I don’t know about you but I’ve always had a few learners who just struggle with moral of the story. It seems to be a skill that some kids grasp quickly and others need a lot of repetition. A story like, “The Emperor’s New Clothes” is interpreted by some students as, “being naked makes people laugh.” I remember the first time I used the phrase “slow & steady wins the race” with my students and the lightbulb moments were so sweet to see! If your students aren’t quite getting moral of the story, then some repeated practice is what you’re looking for.
Introducing Moral Of The Story
Often moral of the story lessons end up going hand in hand with the fables and fairytale units. If you’re looking for some ideas for How to Introduce Fables, Folktales & the Fairy Tale Genre to 2nd Graders we’ve got some of those, too!
Start With The Familiar
Now, you’re going to find that your students are most successful at mastering moral of the story when they have a lot of exposure to it. During direct instruction, I start really slowly by telling stories I know they’re already familiar with. Stories like “Tortoise & The Hare” and “The Boy Who Cried Wolf”. Then, gradually lead into stories that still have pretty obvious morals but are stories they may not have heard before like, “King Midas & The Golden Touch” or “The Ants and the Grasshopper”.
There are a lot of great YouTube versions of these well-loved stories. The one below is King Midas. Stop the video at 4:40, if you’d like to discuss with your students what the lesson might be before they’re told.
Find The Moral of the Story Together
Once my students are starting to understand what we’re looking for I like to use short reading comprehension passages during small group lessons. The 2nd Grade Reading Comprehension Passages – Summarizing and Moral of the Story passages are perfect for this. There are 12 different short passages on 3 different reading levels. So, I give each group the same story but at a level that is appropriate for them.
You can use one story a day, as guided practice, for the first few days until it feels like they’re catching on. Once students feel more confident and comfortable with the task you can assign them independent work or homework. For the higher reading levels the question, “what is the moral of the story?” is open-ended. For lower reading levels it’s multiple choice.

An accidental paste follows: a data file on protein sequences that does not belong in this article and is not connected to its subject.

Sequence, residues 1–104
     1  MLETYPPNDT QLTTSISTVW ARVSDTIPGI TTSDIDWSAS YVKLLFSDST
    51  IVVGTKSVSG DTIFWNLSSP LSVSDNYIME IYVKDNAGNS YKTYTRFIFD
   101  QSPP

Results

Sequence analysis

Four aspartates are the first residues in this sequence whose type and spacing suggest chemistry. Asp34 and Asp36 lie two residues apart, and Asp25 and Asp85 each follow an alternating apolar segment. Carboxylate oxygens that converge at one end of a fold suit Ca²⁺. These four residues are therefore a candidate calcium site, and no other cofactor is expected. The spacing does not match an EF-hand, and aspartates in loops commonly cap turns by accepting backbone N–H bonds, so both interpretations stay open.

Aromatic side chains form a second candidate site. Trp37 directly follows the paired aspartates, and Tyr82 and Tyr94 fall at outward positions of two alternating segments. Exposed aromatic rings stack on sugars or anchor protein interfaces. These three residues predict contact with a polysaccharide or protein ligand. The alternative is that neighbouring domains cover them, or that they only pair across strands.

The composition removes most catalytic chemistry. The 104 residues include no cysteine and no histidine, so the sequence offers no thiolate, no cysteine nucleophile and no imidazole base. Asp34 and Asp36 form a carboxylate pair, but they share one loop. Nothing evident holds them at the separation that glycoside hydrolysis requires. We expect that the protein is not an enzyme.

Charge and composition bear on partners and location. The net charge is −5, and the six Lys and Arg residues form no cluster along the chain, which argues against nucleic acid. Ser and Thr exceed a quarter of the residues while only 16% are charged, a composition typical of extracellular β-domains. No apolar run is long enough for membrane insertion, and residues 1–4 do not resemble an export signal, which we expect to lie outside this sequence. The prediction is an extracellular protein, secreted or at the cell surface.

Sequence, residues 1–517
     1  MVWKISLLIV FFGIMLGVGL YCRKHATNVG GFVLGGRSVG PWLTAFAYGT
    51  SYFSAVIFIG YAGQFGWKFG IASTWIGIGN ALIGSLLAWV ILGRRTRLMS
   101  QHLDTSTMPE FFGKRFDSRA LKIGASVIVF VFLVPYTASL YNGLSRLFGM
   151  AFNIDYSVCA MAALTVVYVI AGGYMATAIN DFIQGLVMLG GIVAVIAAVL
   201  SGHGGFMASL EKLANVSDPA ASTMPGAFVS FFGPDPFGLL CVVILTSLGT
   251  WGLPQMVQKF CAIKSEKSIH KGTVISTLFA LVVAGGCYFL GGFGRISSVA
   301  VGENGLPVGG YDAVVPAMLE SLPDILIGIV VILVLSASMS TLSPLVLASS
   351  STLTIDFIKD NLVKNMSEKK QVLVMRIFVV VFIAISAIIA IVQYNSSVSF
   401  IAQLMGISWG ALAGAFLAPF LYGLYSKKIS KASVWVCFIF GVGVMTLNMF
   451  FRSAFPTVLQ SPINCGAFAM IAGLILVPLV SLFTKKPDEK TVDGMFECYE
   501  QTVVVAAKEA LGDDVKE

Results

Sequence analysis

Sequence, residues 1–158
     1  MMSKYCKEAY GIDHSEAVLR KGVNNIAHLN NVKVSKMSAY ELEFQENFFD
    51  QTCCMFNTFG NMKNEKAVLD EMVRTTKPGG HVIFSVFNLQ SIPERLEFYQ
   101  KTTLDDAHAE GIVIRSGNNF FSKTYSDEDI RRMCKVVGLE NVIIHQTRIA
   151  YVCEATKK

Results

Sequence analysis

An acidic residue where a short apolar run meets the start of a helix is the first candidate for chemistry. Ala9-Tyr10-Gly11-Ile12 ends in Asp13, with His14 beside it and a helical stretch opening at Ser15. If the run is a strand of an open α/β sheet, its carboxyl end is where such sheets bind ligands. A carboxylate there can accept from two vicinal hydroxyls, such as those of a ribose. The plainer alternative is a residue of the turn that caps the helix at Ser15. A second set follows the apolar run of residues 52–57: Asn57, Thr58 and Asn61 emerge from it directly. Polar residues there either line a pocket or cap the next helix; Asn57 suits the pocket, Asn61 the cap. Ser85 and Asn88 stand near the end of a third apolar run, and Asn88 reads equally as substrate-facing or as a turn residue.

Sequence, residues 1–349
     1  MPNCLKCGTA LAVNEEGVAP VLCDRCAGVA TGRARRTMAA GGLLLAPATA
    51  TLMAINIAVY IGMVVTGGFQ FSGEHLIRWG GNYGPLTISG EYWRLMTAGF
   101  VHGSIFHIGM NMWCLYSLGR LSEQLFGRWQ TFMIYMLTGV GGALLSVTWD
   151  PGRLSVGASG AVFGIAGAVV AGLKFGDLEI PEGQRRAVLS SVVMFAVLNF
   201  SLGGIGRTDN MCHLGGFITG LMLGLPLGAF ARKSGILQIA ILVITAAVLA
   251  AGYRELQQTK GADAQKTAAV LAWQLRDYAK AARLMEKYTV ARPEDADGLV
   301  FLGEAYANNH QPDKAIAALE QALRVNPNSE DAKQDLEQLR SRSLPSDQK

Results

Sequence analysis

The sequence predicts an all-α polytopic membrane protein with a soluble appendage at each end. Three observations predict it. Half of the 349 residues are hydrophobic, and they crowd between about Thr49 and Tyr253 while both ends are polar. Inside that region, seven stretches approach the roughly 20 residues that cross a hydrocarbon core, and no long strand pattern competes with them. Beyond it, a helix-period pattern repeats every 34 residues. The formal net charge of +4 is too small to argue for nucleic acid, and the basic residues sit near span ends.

For students with fantastic comprehension skills but who struggle with decoding, I like to ask them what the moral is without giving the options as an added challenge. Vice versa, for students who can decode really well but struggle with comprehension, offer the multiple-choice options to support them.
Download Reading Passages HERE
What’s The Moral Of The Story?
As soon as your students are ready, it’s time for some independent center work. Try adding in the Recount and Moral Composition Notebooks center. It’s part of the 2nd Grade Literacy Centers resource.
For this center, you can use any of the classroom library books you already have, or feel free to print out the remaining pages from the Summarizing & Moral of the Story Reading Comprehension Passages and put them in page protectors. This way your students will have differentiated text in a format they’re already comfortable with to go along with the center.
Another option would be using this center digitally and pairing it with short videos of stories, like the King Midas story above.
Download Your Literacy Center HERE
More Moral Of The Story Practice!
If you find that your students are still having trouble or you want some independent review before testing season super quick rapid-fire practice is what you’re going to be looking for. The resources above all involve analyzing the text along with searching for the moral. This is great for hitting a few different comprehension skills at once but Author’s Purpose Toothy is what you need for that super-targeted practice.
If you’re a 2nd or 3rd-grade teacher, don’t let the words “1st Grade” trip you up. These quick paragraphs are at a 1st-grade reading level which makes them easily accessible for your students who are at a lower reading level and very digestible for those reading at or above grade level. They’re self-checking which means that students who are struggling with this skill can get the instant feedback they need in a low-pressure assignment. These Toothy cards also make excellent exit tickets, if you’d like a quick mastery check.
Comprehension For All
When our students age into later 2nd and beyond into 3rd grade, comprehension becomes much more of a focus. As your class moves through those literacy heavy-hitter standards don’t forget to take a look through the Comprehension section of the All Access.
Download Comprehension Resources HERE
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